Australia Little League needs more adult help
Some first-year countries have left the Little League World Series looking for more equipment to try and grow the game back home. The team from Uganda last year was a great example of that.
But for some, it’s more of a people problem. Specifically, finding more coaches not only to lead teams, but throw batting practice, hit infield and help shuttle kids around.
Glen Tovey made it here with Perth Metro Central LL, Australia’s first entry. And while Australia now has its own region, after Little League again reorganized its International boundaries this past year, Tovey would like to go back and see more adults involved.
According to Little League statistics, there should be plenty of interested children, as 5,000 play it in Australia, more than Japan and slightly less than Mexico.
And while some countries have debuted here with less offensive output than they expected (Australia has not scored in two defeats), Tovey said that was not the result of hitters not seeing unfamiliar high-quality pitching, but rather not enough high-quality adults.
“There was a coach from the Mid-Atlantic talking hitting at the cage yesterday, it was nothing I hadn’t said, but it was in a different accent and our players embraced it,” Tovey said.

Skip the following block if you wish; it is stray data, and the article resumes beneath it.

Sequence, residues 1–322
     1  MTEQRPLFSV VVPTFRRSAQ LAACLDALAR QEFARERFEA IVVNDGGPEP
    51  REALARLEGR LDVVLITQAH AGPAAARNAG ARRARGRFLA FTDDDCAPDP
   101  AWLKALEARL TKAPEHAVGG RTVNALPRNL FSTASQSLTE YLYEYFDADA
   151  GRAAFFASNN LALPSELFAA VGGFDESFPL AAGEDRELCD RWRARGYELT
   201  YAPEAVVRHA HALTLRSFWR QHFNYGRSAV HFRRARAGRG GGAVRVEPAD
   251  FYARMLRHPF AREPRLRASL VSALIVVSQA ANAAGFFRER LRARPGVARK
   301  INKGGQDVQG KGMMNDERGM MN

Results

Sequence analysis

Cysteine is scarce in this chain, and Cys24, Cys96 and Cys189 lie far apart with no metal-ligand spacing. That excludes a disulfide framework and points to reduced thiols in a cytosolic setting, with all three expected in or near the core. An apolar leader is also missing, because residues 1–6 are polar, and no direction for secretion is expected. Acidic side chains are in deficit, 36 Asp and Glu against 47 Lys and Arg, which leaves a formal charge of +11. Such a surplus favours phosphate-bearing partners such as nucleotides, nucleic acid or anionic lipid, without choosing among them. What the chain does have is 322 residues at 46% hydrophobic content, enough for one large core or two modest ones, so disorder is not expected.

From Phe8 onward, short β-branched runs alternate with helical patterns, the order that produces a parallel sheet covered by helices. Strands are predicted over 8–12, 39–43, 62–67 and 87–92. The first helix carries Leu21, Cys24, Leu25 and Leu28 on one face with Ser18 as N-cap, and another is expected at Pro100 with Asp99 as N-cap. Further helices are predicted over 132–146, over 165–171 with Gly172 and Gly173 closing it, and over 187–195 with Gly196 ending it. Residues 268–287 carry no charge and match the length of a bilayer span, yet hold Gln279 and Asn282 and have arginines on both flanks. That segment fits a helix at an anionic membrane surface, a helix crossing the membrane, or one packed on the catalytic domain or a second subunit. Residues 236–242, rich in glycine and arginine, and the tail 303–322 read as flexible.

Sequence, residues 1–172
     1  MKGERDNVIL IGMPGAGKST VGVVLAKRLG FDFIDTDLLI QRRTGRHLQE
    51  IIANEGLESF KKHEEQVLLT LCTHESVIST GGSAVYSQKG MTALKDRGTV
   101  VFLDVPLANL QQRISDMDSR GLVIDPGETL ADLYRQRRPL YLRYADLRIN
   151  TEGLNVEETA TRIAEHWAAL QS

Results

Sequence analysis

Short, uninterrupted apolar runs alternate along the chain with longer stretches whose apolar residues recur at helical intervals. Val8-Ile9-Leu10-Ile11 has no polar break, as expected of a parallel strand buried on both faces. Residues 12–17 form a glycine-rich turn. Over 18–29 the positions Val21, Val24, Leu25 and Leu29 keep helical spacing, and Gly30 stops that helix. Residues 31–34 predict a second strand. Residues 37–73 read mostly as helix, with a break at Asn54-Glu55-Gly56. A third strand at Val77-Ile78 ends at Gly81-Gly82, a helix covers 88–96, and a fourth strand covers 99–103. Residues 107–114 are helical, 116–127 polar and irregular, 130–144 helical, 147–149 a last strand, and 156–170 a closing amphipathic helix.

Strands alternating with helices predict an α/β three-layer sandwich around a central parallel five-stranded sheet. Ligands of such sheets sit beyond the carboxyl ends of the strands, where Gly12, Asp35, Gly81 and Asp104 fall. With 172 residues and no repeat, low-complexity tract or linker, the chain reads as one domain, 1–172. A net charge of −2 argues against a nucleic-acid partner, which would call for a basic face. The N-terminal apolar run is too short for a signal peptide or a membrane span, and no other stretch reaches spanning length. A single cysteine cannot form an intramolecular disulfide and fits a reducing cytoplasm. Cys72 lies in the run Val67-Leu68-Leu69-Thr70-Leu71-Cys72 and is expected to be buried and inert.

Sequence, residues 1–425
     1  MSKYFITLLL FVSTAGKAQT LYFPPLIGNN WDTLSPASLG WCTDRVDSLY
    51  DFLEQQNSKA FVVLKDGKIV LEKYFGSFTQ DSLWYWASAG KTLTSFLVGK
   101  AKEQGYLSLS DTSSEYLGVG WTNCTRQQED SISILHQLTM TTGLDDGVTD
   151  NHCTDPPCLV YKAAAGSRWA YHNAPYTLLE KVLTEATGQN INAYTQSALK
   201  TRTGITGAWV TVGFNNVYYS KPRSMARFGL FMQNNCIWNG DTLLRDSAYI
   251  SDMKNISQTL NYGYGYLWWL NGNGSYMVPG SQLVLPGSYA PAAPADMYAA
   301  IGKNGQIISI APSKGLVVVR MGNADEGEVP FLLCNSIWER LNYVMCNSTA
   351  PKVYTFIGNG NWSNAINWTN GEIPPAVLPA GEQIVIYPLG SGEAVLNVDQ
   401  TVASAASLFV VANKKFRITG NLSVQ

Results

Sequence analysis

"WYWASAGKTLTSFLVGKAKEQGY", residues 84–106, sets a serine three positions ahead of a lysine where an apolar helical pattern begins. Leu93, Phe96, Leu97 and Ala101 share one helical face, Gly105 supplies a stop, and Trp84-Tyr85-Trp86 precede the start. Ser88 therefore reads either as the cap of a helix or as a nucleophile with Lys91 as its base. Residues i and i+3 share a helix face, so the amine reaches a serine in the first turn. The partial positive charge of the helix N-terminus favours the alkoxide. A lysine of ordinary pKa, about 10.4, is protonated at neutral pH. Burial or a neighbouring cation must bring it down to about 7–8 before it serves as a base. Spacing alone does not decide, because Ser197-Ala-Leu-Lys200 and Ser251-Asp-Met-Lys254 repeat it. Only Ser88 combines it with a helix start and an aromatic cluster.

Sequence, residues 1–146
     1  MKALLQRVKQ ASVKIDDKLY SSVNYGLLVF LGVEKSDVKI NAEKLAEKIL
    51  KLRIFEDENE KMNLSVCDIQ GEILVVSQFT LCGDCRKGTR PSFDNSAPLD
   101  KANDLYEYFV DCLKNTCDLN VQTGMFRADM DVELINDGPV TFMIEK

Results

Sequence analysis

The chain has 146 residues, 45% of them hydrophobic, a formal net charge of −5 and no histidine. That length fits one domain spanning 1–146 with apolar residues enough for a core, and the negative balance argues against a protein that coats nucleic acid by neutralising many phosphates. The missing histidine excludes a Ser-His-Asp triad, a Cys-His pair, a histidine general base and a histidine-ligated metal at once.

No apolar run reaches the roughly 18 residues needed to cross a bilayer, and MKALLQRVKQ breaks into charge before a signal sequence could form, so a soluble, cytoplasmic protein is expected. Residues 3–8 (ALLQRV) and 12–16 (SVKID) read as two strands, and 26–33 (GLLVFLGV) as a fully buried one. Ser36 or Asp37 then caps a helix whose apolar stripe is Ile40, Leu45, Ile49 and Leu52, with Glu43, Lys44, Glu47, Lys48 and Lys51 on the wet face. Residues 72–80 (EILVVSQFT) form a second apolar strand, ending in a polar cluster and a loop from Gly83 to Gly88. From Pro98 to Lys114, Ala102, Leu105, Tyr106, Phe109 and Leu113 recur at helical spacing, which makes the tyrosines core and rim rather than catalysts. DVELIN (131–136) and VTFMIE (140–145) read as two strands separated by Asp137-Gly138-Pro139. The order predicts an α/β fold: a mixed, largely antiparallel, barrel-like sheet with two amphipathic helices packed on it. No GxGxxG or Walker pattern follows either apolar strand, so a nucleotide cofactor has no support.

“We’ll help anyone, anywhere, improve their game, but the biggest cry for help is for umpires and coaches,” Tovey said. “That’s how we’ll improve, rather than just me at practice. Get other dads involved. The difference here is the dads have played and they’re on the sidelines catching, throwing, hitting and encouraging. That’s a huge difference for us, the number of experienced people giving back to the game.”
It’s different in the Czech Republic, where South Moravia LL from Brno made the nation’s debut this week. Manager Jan Gregor is a full-time baseball teacher who takes other Czech teams to other tournaments in Europe and Asia. It’s a little bit more like the old Eastern bloc sports development model there, of academies and national teams, and getting the best players possible together.
“I’ve spent three months out of my home in baseball this summer. I’ll go to the European Cup, Kutno and fly with our junior national team to the World Cup,” Gregor said. “Maybe we need to find new younger coaches to train for next year. They saw me on TV this year and they know this is better. We showed the other Czechs you can play better.”